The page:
- I found this article after my father told me about it last night. I wish I had seen it earlier. I direct your attention to the part of Mr. Ledeen's testimony where he specifically talks about revolution (It's highlighted in bold red). He hits the nail on the head ladies and gents! This is exactly what needs to be done. In fact, I will go one further and assert that the extra fifty-million being spent on VOA and other broadcasts is a waste of money. The help that the Iranian people need is financial and in the form of organizational support. PLEASE READ
I am delighted and honored by your invitation to discuss American policy toward Iran, but before I do that, I hope I will be permitted a few personal words in appreciation of the welcome contribution that you, Chairman Hyde, have made to our country and to the tenor of life in Washington.
Our national political debate has long been very fractious, and this moment is especially nasty. But you are a rare man, Mr. Chairman. You have never forgotten that our elected representatives are sworn to advance the national interest, whatever the transient demands of party or faction. You have done that with rare grace and humor, through some terrible personal tragedies and despite some particularly insensitive slanders. After nearly thirty years in Washington, I cherish many memories of your ability to defuse a tense situation with an urbane chuckle, all the while reminding your colleagues of their responsibilities to the American people. Thank you, Mr. Chairman. I hope that your years ahead are full of satisfaction and fulfillment.
Future historians will be baffled at the intensity and tenacity with which successive American administrations have refused to deal seriously with the obvious and explicit threat from the Islamic Republic of Iran. From the first hours of the fanatical regime of the Ayatollah Ruhollah Khomeini in 1979, Iran declared war on us in language it seems impossible to misunderstand. We are the great Satan, while they are the representatives of the one true faith, sworn to combat satanic influence on earth. Hassan Abassi, the chief strategic adviser to President Ahmadi-Nezhad, recently put it this way: ÒAmerica means enemy, and enemy means Satan.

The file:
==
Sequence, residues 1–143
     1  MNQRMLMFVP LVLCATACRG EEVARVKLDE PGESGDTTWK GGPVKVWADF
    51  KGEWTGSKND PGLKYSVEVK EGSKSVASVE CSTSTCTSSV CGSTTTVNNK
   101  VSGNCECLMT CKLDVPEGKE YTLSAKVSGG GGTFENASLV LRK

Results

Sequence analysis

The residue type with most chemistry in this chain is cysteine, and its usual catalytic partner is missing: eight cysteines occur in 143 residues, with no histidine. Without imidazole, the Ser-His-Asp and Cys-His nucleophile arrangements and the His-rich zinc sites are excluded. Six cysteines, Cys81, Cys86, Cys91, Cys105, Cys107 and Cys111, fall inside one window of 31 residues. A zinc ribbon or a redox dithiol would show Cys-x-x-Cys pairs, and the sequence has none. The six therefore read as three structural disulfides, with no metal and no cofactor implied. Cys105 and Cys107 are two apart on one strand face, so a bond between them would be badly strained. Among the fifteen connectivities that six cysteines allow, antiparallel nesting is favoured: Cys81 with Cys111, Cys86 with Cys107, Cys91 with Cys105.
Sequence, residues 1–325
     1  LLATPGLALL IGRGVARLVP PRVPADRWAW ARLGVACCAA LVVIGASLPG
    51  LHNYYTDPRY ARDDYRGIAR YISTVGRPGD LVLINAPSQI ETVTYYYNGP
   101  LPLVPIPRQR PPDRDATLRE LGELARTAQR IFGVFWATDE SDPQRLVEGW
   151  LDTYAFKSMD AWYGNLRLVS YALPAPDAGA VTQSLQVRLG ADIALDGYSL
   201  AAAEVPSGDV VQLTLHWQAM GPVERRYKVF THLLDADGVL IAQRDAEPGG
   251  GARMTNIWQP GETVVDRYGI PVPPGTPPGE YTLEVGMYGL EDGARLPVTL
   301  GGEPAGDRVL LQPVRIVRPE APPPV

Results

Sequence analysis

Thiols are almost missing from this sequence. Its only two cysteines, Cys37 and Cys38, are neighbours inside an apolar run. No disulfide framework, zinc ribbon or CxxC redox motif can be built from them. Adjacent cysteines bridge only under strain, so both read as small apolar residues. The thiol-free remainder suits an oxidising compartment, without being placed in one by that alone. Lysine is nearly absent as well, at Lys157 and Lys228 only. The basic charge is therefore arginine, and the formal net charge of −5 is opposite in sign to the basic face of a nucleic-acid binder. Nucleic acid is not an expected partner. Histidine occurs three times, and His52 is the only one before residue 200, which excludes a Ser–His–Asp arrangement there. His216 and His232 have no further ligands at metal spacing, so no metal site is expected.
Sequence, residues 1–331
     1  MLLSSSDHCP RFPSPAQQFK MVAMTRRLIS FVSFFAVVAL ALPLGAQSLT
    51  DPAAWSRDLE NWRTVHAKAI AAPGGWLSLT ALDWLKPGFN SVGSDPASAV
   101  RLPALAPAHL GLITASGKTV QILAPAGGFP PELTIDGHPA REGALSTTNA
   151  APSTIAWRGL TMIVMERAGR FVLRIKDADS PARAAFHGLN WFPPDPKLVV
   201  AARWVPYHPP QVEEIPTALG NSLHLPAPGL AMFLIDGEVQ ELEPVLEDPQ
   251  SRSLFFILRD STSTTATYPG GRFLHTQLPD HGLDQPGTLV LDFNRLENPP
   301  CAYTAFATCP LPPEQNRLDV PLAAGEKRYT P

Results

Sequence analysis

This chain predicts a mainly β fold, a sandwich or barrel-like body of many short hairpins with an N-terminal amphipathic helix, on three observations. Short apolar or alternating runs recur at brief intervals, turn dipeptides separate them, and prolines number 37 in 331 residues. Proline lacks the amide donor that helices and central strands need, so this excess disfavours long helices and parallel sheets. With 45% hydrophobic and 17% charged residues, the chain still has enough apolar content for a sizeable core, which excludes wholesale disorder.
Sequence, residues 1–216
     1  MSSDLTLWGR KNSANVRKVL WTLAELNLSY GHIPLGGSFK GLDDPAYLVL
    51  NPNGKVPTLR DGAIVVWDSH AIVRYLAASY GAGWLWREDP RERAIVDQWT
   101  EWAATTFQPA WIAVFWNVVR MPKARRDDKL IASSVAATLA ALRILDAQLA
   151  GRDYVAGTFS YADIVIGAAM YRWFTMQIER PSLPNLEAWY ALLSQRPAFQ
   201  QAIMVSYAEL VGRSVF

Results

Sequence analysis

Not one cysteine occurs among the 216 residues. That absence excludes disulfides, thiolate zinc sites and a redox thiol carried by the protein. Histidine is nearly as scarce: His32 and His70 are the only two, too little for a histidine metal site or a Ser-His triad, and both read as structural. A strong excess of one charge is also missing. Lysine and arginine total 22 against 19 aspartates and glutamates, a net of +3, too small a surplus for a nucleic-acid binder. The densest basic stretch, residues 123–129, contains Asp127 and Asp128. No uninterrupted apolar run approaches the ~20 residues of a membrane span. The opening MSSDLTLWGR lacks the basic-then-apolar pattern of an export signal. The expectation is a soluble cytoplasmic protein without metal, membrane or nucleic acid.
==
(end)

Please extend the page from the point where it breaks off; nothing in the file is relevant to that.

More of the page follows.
They have waged unholy war against us ever since. They created Hizbollah and Islamic Jihad, and they support most all the others, from Hamas and al Qaeda to the Popular Front for the Liberation of Palestine General Command. Iran's proxies range from Shiites to Sunnis to Marxists, all cannon fodder for the overriding objective to dominate or destroy us.
A lot of nonsense has been written about the theoretically unbridgeable divide between Sunnis and Shiites, and we should remind ourselves that the tyrants of the Islamic Republic do not share these theories. The Iranian Revolutionary Guards as Shiite as they come were trained, beginning in the early 1970s, by Asser Arafat's Fatah Sunnis one and all. Arafat was the first foreign leader to be invited to Tehran after the overthrow of the shah, proving that when it comes to killing infidels, theological disagreements are secondary to the jihad. Yet even today, we hear that it is quite impossible that the mullahs have supported al Qaeda, because bin Laden, Zawahiri and Zarqawi are famously Sunni.
The Iranian war against us is now twenty-seven years old, and we have yet to fight back. In those twenty-seven years thousands of innocent people have died at the hands of the mullahsÕ terror state, inside Iran and around the world. Many Americans have been killed, in Lebanon twenty years ago and in Iraq today, by terrorists armed, trained and funded by the Islamic Republic. Iran is invariably atop the State DepartmentÕs list of state sponsors of terrorism, and we know that Abu Musab al-Zarqawi created a European-wide terrorist network in the latter years of the last century from a stronghold in Tehran. We know this from public sources Ðfrom copious documentation presented by the German and Italian Governments in public trials against terrorists arrested in their countries. Among the evidence introduced by the prosecution were intercepts of phone conversations between terrorists in Europe and Zarqawi in Tehran.
We also know from abundant evidence ranging from documents to photographs captured by American forces in both Fallujah and Hilla of the intimate working relationships between terrorists in Iraq and the regimes in Tehran and Damascus. Indeed, the terror war in Iraq is a replay of the strategy that the Iranians and the Syrians used in the 1980s to drive us and our French allies out of Lebanon. Those Americans who believed it was possible to wage the war against terrorism one country at a time, and that we could therefore achieve a relatively peaceful transition from Saddam's dictatorship to an elected democracy, did not listen to the many public statements from Tehran and its sister city in jihad, Damascus, announcing in advance that Iraq was about to become the new Lebanon.
They have made good on their threats. On Monday, ABC News broadcast a story about the discovery of very powerful bombs--the so-called IEDs--sent from Iran into Iraq.
"I think the evidence is strong that the Iranian government is making these IEDs, and the Iranian government is sending them across the border and they are killing U.S. troops once they get there," said Richard Clarke, former White House counterterrorism chief and an ABC News consultant. "I think it's very hard to escape the conclusion that, in all probability, the Iranian government is knowingly killing U.S. troops."